Don’t let emotions dictate your investment decisions - Lehani MaraisPublished on 01 Jul 2020
Investors should focus on long-term strategy to preserve wealth post-Covid-19
The market selloff in March resulted in three different investor reactions. Some wanted to increase exposure at the lower market levels, others wanted to sell their holdings, while a third reaction was to wait for markets to stabilise before investing again.
It is in times like these, says Lehani Marais, Director at Stonehage Fleming Investment Management South Africa, that investors risk destroying their wealth due to decisions over influenced by emotional and/or cognitive biases. “It is important for investors to stay focussed on their long-term investment strategy and not fall prey to typical behavioural biases”.
As the market spiralled downwards, clients became more focussed on the winners than the losers in their portfolios, according to Lehani. Fearing they would decline, she explains, some investors wanted to sell the profitable positions, and ‘lock in’ the gains, or in contrast, hold onto their losers in the hope that they would recover the losses. “Whether it is losing out on a bargain in the shop or witnessing investment portfolios decline, we as humans hate to lose. Investors tend to feel the pain of losses significantly more than the joy of gains”.
Research by Tversky and Kahneman (1992) showed that we feel the emotional impact of a loss more than double a gain of the same amount. “This behavioural bias, known as loss aversion, is exacerbated by the fact that equity market gains occur over a longer time period. As a result, they are less satisfying. Losses conversely, are typically experienced over a short and sudden period, making the experience much more painful. Regardless, the long-term result from selling winners and holding losers is ultimately a portfolio of losers” explains Lehani.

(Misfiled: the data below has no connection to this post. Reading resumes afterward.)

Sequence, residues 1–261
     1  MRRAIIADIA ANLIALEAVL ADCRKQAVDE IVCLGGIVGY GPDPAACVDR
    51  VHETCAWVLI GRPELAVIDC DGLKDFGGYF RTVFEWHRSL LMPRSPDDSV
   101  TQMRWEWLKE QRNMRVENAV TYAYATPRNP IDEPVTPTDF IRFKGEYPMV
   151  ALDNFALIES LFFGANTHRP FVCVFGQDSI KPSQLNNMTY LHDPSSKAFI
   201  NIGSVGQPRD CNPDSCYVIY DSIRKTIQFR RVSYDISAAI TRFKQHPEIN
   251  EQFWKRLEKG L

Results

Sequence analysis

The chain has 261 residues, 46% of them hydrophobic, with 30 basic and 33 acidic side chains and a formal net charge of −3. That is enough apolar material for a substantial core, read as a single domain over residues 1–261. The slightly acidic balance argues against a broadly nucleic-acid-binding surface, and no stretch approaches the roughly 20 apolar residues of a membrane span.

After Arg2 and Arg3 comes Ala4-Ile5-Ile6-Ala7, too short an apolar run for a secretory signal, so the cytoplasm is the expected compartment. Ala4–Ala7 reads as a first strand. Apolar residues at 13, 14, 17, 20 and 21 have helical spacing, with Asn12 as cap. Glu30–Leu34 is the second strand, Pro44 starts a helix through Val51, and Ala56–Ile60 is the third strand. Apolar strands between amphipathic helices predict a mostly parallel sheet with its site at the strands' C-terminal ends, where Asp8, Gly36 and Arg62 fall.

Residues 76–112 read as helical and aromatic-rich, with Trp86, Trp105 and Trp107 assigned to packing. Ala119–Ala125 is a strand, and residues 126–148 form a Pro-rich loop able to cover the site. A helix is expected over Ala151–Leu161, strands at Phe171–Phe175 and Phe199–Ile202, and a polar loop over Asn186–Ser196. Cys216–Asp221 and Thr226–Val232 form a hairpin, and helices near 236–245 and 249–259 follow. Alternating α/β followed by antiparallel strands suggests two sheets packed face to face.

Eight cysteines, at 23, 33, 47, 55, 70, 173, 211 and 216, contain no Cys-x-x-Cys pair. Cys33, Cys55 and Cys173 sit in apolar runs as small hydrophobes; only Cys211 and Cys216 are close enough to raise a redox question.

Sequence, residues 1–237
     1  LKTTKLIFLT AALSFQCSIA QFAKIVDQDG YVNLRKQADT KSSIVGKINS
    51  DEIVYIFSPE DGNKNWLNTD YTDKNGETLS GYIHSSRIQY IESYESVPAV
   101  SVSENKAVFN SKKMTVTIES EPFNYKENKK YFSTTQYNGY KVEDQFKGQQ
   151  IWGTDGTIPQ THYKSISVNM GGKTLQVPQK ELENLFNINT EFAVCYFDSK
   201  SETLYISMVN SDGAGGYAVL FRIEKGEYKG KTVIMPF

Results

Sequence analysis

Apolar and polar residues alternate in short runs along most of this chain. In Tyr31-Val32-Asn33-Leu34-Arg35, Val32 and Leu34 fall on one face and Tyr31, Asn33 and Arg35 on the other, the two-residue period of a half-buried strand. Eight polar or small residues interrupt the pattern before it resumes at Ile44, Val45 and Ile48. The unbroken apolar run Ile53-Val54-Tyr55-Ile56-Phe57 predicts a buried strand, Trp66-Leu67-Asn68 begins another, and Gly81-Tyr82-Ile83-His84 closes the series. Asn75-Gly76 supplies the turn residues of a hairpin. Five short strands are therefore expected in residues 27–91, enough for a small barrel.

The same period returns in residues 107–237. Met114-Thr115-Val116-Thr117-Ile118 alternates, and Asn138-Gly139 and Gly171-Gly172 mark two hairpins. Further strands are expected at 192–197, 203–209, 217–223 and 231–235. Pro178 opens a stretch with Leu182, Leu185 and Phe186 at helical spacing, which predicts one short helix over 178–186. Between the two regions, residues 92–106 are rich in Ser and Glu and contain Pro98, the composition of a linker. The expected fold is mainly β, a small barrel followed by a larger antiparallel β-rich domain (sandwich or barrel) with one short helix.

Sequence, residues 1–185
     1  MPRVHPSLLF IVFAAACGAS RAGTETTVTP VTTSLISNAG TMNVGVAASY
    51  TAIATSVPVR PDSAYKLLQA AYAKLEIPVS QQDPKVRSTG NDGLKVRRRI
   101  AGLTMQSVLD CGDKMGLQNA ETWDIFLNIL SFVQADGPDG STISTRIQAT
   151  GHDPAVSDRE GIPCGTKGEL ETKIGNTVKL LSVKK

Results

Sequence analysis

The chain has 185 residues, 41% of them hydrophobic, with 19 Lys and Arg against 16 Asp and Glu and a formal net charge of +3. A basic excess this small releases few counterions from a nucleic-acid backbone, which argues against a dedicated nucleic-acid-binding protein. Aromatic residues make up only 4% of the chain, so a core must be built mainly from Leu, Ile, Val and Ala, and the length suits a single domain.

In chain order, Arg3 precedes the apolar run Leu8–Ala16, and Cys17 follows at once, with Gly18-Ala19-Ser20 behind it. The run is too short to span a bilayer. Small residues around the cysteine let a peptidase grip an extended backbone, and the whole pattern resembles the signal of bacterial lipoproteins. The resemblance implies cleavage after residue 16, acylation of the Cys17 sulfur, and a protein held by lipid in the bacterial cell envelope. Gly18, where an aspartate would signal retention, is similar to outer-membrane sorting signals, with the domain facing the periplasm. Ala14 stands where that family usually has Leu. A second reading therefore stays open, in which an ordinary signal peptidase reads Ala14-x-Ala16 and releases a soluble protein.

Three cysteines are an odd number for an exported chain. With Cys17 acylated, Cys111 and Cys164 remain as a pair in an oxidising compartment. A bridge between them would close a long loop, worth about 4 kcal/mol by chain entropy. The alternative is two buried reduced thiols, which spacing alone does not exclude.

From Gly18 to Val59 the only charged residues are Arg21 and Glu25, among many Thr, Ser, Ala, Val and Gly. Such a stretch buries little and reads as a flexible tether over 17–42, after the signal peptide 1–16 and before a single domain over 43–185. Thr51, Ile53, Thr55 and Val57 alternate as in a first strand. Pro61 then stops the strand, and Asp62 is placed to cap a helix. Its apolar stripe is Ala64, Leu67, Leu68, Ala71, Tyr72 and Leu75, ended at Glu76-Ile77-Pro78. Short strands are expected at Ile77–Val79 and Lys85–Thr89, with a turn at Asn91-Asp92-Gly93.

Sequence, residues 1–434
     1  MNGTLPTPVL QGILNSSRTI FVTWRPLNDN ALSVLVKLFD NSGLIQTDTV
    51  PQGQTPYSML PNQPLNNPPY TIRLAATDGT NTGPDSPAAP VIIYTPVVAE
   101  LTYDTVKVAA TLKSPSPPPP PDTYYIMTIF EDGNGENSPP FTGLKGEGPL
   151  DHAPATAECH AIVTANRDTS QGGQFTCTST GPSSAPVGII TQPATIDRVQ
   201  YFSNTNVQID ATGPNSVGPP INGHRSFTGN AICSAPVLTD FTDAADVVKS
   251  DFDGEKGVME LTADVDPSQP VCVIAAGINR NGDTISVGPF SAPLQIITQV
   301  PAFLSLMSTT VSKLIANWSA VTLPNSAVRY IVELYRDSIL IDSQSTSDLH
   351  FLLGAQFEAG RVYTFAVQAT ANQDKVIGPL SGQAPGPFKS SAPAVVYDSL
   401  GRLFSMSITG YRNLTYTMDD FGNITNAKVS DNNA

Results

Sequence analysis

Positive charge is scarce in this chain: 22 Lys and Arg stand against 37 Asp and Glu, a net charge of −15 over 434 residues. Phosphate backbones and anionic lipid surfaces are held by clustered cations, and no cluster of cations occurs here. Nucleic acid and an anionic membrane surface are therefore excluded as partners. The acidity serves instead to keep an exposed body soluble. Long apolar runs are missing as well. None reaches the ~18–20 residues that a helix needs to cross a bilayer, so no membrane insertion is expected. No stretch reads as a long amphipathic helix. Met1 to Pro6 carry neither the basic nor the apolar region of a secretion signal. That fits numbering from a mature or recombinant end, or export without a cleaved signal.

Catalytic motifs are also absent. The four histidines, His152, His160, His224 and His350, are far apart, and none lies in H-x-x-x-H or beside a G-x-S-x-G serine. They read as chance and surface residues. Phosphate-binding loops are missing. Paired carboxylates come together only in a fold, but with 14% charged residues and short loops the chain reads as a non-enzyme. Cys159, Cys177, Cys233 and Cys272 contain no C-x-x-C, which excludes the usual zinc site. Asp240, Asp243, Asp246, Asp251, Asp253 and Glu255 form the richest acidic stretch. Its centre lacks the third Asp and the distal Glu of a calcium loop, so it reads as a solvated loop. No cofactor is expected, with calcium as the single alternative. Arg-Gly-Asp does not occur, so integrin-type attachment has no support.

The human tendency to have too much confidence in our own abilities is known as overconfidence bias, says Lehani. “Following the -34% decline of the S&P 500 in March, some investors hoped they could accurately ‘time’ the market. Accordingly, they preferred a strategy of cutting their equity exposure when the market was down and reinvesting once the markets had stabilised”.
While selling high and buying low makes logical sense, the reality, says Lehani, is that it is very difficult to predict short-term market movements, particularly in highly volatile times. “In this case, an overconfidence in predicting how the market would perform would have yielded negative results as, against most investors’ expectations, the market went on to recover almost all the losses two months later.”
Herding bias refers to doing something because others are doing it. As fears of the spread of the virus crippled financial markets, investors began running for the hills, prompting others to follow suit. “Going against the herd can be extremely difficult, especially in a severe market decline, but for every seller there is a buyer. One could therefore argue that there are two herds moving in opposite directions and it is best to be following the herd that is buying bargains”, observes Lehani.
Looking ahead to the outcome of the Covid-19 pandemic, there are currently two polar views – optimism or pessimism. Investors, says Lehani, typically look for information that confirms their current belief – known as confirmation bias. As a result, they seek views that confirm what they already know, rather than looking for views that contradict theirs. “As an investor, it is important to recognise whether you tend to have a glass half full or half empty view, because this itself is a behavioural bias. Instead of focussing on news that supports your view, you should remember that there are a range of possible outcomes”, she says. “Now more than ever, it is important for investors to be aware of their emotions, and make sure these emotions are not driving their investment decisions. Ultimately, clients tend to achieve better investment results when they remain focussed on a long-term strategy”.